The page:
Don’t pack away that shovel and trowel. Fall is a great time to plant a few new additions in the landscape. Here are just a few ideas for adding immediate and long term beauty to your garden.
Add cool season annuals like pansies, snapdragons, ornamental kale and stocks to brighten the fall garden. Those in milder regions will enjoy them throughout the winter. Consider adding cold hardy pansies. They provide color in the fall garden, survive most winters, and are back blooming in the spring just as the snow melts.
Fall is also a good time to plant perennials, trees and shrubs. The soil is warm and the air cooler, so the plants are less stressed and establish more quickly. Select plants suited to the growing conditions and be sure to give them plenty of room to reach their mature size.
Plant trees so the root flare, the place where the roots curve away from the trunk, is even with the soil surface. Dig a hole, the same depth as the rootball, and two to five times wider. Roughen the sides of the hole and backfill with the existing soil. Water thoroughly and spread a two to three inch layer of mulch over the soil surface, keeping the mulch away from the tree trunk.
Follow a similar planting procedure for shrubs. Plant these so the crown, the place where the stems meet the roots, is even with the soil surface. And be sure to keep the mulch away from the stems.
Plant daffodils, tulips, hyacinths and other bulbs in fall for extra color next spring. Set the bulbs at a depth of two to three times their height deep. Then cover them with soil and sprinkle on a low nitrogen slow release fertilizer, like Milorganite (milorganite.com). This organic nitrogen fertilizer promotes rooting without stimulating fall growth subject to winter kill.
Start planting spring flowering bulbs after the nighttime temperatures hover between 40 and 50 degrees. Be patient – waiting until the soil cools reduces the risk of early sprouting that often occurs during a warm fall.
Those gardening in the far south and along the gulf coast can purchase pre-cooled bulbs to compensate for the warm winters. Or the chilling can be done at home by storing the bulbs in a 35 to 45 degree location for at least 14 weeks before planting.
Those tired of battling the animals may want to plant resistant bulbs such as daffodils, hyacinths, Fritillaria, alliums, Camassia, glory-of-the snow, snow drops, squills, and grape hyacinths. You may find it is easier to avoid the problem than battle the animals with repellents and scare tactics.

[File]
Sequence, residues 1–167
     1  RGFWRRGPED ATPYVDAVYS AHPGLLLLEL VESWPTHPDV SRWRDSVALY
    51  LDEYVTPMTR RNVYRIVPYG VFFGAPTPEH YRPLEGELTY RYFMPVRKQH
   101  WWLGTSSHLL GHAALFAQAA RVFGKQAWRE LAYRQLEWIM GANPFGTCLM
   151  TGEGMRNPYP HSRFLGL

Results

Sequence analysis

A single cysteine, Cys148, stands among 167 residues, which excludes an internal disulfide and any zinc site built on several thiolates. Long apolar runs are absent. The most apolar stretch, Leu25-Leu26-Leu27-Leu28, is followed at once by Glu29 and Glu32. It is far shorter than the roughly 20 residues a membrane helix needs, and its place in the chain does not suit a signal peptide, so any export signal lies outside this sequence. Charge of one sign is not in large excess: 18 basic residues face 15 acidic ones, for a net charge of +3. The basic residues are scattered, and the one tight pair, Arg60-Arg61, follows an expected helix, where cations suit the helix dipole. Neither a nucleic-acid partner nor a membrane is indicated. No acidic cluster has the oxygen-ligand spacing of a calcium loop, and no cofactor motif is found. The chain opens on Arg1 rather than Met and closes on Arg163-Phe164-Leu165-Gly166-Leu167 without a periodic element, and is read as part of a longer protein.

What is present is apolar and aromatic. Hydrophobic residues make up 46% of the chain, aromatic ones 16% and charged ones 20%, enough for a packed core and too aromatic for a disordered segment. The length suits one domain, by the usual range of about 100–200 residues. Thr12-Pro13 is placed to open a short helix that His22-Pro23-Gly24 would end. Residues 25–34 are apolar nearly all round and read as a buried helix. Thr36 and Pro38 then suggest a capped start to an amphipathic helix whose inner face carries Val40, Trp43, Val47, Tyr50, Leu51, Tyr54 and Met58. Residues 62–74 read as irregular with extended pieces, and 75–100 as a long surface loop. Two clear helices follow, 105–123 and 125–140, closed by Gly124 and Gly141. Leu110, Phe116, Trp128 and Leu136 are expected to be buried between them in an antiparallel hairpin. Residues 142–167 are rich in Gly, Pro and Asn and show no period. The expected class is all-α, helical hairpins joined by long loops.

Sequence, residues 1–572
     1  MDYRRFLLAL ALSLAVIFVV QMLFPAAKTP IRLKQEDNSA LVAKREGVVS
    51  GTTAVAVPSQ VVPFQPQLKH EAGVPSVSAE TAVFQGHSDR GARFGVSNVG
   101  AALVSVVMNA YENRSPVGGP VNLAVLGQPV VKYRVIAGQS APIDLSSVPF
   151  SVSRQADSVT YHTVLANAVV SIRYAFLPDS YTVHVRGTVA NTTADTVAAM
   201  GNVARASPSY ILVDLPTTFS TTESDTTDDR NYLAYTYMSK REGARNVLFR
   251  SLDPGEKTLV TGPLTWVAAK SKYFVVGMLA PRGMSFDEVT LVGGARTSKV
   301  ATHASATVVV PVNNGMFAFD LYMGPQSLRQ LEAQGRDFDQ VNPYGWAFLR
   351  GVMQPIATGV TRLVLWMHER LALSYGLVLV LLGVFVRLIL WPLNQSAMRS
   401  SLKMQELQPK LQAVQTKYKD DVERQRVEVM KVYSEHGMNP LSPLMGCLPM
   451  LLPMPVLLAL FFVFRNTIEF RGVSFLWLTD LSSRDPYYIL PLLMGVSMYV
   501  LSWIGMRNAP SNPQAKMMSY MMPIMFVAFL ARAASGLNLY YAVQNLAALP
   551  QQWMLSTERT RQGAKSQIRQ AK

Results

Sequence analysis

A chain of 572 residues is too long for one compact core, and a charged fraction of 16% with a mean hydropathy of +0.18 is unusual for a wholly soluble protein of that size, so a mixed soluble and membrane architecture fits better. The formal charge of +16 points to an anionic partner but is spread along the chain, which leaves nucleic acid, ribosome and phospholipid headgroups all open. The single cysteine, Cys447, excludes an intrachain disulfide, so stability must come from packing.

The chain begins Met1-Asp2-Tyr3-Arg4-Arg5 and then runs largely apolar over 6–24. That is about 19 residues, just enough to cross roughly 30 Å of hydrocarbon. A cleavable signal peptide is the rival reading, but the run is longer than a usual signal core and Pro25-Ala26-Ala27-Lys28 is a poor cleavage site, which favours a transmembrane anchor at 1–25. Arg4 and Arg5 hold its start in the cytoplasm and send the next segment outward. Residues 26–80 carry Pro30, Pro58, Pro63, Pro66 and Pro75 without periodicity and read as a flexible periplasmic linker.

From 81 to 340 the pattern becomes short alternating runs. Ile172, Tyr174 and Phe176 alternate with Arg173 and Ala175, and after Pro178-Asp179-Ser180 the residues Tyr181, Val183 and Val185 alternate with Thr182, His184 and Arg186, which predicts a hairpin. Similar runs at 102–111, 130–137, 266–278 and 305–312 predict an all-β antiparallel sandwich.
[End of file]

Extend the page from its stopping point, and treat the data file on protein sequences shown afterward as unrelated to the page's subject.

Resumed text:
Plant a few short season vegetables in your garden for fresh-from-the garden flavor this fall. Simply count the days from planting to the average first fall frost to determine how many growing days are left in your area. Select vegetables that will mature and can be harvested in that amount of time. Leaf lettuce, spinach, mustard greens, radishes and carrots are fast growing, cool weather tolerant vegetables that make great additions to the fall garden and your dinner plate.
Get these vegetables off to a good start with a side dressing of low nitrogen fertilizer. Incorporate it into the soil prior to planting or sprinkle a narrow band along the row of plants. This organic nitrogen will provide needed nutrients without damaging the tender seedlings.
Extend the harvest season with the help of floating row covers. These fabrics allow air, light and water through while trapping the heat around the plants. No construction is needed; just loosely cover the plants with the fabric, secure the edges with pipes, boards or landscape staples and let the plants provide the support.
So be sure to get a jump on next spring’s garden season with a bit of fall planting now.
Gardening expert, TV/radio host, author & columnist Melinda Myers has more than 30 years of horticulture experience and has written over 20 gardening books, including Can’t Miss Small Space Gardening and the Midwest Gardener’s Handbook. She hosts The Great Courses “How to Grow Anything: Food Gardening For Everyone” DVD series and the nationally syndicated Melinda’s Garden Moment segments. Myers is also a columnist and contributing editor for Birds & Blooms magazine. Myers’ web site, www.melindamyers.com
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